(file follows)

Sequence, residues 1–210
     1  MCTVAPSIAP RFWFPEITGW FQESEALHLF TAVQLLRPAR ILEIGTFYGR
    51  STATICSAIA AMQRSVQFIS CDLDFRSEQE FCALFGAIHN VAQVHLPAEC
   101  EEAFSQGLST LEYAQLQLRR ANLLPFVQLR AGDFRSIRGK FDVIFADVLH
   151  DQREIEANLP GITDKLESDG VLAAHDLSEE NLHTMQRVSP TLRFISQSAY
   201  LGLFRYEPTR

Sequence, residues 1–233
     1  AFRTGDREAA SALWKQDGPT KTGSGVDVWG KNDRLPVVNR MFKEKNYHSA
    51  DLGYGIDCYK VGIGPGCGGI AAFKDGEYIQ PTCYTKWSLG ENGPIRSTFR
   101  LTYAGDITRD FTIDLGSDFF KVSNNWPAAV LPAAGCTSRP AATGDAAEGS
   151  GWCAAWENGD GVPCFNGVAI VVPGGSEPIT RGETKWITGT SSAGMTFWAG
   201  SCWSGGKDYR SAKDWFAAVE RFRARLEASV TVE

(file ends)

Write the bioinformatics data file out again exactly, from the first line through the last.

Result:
Sequence, residues 1–210
     1  MCTVAPSIAP RFWFPEITGW FQESEALHLF TAVQLLRPAR ILEIGTFYGR
    51  STATICSAIA AMQRSVQFIS CDLDFRSEQE FCALFGAIHN VAQVHLPAEC
   101  EEAFSQGLST LEYAQLQLRR ANLLPFVQLR AGDFRSIRGK FDVIFADVLH
   151  DQREIEANLP GITDKLESDG VLAAHDLSEE NLHTMQRVSP TLRFISQSAY
   201  LGLFRYEPTR

Sequence, residues 1–233
     1  AFRTGDREAA SALWKQDGPT KTGSGVDVWG KNDRLPVVNR MFKEKNYHSA
    51  DLGYGIDCYK VGIGPGCGGI AAFKDGEYIQ PTCYTKWSLG ENGPIRSTFR
   101  LTYAGDITRD FTIDLGSDFF KVSNNWPAAV LPAAGCTSRP AATGDAAEGS
   151  GWCAAWENGD GVPCFNGVAI VVPGGSEPIT RGETKWITGT SSAGMTFWAG
   201  SCWSGGKDYR SAKDWFAAVE RFRARLEASV TVE